Wild bee species, like bumblebees, face challenges from habitat loss, toxic pesticides, and climate change, while managed honeybees, despite beekeeper care, battle diseases, raising concerns about the fate of the world’s food crops that rely on pollinators. For instance, the rusty patched bumblebee, which saw an 87% decline in the past two decades, became the first bee listed as an endangered species in the US in 2017. The worrying trends indicate that this issue is not a future concern but a current one.

A bee collects nectar
Image source: https://dnr.illinois.gov/education/wildaboutpages/wildaboutinvertebrates/wildaboutnativebees/family-apidae/wabwrustypatchedbumblebee.html

Therefore, through LEVERS, the Center for the Promotion of Science (CPN) formed a Serbian Learning Venture to facilitate education on multiple levels and raise awareness about the significance of climate justice through urban apiculture.

CPN has a long tradition of communicating scientific information to society. Through different topics such as art, science, technology, climate change, and many more, CPN has been successfully engaging society in science literacy. Through LEVERS, the Center aims to support local climate actions that connect education on urban pollinators and climate justice. These crucial topics, seemingly disconnected, actually go together when tackling climate change mitigation and adaptation. Biodiversity loss and food scarcity are grand risks that await if we don’t combat climate challenges that we all face.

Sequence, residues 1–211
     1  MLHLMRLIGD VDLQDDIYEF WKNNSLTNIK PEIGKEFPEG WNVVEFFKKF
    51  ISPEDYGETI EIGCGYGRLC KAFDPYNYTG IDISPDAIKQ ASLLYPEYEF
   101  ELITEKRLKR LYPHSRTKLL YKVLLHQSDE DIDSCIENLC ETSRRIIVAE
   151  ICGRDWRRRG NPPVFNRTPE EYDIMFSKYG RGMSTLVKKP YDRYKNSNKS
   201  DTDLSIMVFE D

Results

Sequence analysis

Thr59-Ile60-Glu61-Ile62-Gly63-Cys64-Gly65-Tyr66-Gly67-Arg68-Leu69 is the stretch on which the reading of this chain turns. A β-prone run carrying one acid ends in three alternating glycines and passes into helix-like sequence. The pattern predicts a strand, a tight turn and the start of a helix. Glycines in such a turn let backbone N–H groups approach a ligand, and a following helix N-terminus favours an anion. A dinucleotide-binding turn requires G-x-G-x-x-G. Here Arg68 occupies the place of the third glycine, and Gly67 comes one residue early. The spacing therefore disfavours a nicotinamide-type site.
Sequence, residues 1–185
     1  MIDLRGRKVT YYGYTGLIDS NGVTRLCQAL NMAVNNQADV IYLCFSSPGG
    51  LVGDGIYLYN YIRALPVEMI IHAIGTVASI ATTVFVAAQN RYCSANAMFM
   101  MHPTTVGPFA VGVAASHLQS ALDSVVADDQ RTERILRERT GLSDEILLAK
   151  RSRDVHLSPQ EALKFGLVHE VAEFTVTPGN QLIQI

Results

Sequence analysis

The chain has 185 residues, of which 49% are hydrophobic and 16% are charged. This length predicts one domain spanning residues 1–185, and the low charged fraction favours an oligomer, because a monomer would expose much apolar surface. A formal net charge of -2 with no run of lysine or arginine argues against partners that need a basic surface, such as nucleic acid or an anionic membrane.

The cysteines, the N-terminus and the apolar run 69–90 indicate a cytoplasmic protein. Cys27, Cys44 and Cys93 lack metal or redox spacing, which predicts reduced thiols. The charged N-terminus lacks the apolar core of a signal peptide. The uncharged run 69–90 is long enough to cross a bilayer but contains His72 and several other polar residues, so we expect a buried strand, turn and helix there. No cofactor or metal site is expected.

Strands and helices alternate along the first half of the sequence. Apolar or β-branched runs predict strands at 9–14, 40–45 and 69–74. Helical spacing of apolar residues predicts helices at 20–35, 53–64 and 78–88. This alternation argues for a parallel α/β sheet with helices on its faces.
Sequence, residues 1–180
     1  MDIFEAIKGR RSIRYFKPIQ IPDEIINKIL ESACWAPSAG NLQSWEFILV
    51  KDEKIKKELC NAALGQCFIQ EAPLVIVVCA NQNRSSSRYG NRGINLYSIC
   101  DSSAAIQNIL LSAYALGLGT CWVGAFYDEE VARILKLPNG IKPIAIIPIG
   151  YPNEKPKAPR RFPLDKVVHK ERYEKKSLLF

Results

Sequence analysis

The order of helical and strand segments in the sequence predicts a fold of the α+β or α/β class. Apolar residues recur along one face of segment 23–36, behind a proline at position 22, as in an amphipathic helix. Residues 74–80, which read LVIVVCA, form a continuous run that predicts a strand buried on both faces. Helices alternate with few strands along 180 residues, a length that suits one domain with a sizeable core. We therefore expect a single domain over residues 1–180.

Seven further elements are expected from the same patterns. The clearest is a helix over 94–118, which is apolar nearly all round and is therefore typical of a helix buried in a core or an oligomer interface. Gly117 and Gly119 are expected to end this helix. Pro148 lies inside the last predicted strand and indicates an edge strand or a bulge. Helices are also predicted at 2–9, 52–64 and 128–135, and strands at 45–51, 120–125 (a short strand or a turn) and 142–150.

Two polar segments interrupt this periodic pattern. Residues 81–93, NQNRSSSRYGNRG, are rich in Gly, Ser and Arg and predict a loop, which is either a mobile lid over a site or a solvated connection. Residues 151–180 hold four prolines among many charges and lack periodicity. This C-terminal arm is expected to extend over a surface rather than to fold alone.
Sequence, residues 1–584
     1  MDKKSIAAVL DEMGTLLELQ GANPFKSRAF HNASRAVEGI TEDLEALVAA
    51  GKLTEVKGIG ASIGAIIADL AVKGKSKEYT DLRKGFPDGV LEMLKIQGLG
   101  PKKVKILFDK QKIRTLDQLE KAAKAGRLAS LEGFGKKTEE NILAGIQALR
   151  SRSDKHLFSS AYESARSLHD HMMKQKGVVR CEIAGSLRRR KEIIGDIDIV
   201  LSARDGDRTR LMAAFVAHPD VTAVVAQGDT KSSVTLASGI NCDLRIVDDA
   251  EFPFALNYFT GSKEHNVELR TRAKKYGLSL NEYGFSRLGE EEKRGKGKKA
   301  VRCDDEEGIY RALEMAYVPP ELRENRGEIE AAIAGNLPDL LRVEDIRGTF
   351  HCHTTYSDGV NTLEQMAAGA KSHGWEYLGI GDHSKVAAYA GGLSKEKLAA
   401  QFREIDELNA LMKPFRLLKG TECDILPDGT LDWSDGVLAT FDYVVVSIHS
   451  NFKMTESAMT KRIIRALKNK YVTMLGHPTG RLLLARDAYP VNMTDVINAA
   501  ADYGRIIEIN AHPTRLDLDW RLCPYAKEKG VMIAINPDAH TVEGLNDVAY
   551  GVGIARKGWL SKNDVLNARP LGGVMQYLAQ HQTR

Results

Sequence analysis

Why are we doing this?

In 2021, according to the data of the Republic Institute of Statistics, there were 976,000 beehives in Serbia, and the total export of honey in 2021 amounted to 2,175 tons with a value of 13.1 million euros and was at the same level as the previous year. Serbia, therefore, represents a country of honey. However, beekeepers are not well represented in urban areas. With climate change effects, these numbers could drastically decrease in the following years. In order to preserve pollinator diversity, we need to transform the urban environments, make them more bee-friendly, and support climate actions to protect pollinator environments. 

Which stakeholders are involved?

In order to encompass our goals and take action, CPN formed a team of stakeholders whose expertise lies in bee research, beekeeping, as well as urban botanics. Urban beekeeper communities, Faculty of Veterinary Medicine, Faculty of Biology, University of Belgrade, Secretariat for Environmental Protection, high schools, Belgrade botanical garden and businesses such as MadMed represent stakeholders and members of our core Learning Venture. With different and valuable perspectives, they each add a puzzle piece creating a stable path towards achieving our goals and objectives. Jointly, this Learning Venture will work towards creating an environment in Serbian urban areas where urban beekeeping takes a crucial place in fighting climate change while embracing climate justice.

The team in Serbia is discussing.
Image source: https://www.cpn.edu.rs/prvi-sastanak-partenrske-zajednice-levers-projekta/

Towards cultivating urban pollinator environments

We envision a future where we’ve undertaken transformative measures to create a more bee-friendly urban setting in Belgrade, and as a result, stakeholders at all levels are increasingly recognizing the critical role of urban pollinators in promoting biodiversity and advancing climate justice.

Although initially challenged in communicating the intricate relationship between pollination and climate justice, we hope to succeed in demonstrating to policymakers how the population of urban pollinators can yield significant benefits for the food industry, biodiversity and society as a whole. This achievement will be the result of collaborative discussions involving diverse stakeholders, which have equipped policymakers with a deeper understanding of the issue, enabling them to propose robust and effective solutions for a sustainable future.

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